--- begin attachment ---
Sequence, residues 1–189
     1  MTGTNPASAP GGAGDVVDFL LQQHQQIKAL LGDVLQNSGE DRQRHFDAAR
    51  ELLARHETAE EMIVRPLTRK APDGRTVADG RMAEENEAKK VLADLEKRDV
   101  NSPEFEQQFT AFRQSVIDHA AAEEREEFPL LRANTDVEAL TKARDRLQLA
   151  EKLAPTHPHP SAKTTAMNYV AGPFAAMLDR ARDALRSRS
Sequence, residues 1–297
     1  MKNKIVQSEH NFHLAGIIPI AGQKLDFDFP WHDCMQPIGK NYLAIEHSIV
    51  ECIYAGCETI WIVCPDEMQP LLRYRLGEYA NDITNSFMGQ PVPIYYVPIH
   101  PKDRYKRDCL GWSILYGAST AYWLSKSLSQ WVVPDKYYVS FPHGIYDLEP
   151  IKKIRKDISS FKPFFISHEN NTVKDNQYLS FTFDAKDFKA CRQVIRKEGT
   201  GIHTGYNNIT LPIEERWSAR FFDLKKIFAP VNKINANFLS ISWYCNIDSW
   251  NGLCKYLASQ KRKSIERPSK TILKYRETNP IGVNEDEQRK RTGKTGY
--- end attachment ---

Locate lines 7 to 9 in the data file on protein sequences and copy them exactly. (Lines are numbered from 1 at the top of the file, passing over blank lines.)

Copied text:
     1  MKNKIVQSEH NFHLAGIIPI AGQKLDFDFP WHDCMQPIGK NYLAIEHSIV
    51  ECIYAGCETI WIVCPDEMQP LLRYRLGEYA NDITNSFMGQ PVPIYYVPIH
   101  PKDRYKRDCL GWSILYGAST AYWLSKSLSQ WVVPDKYYVS FPHGIYDLEP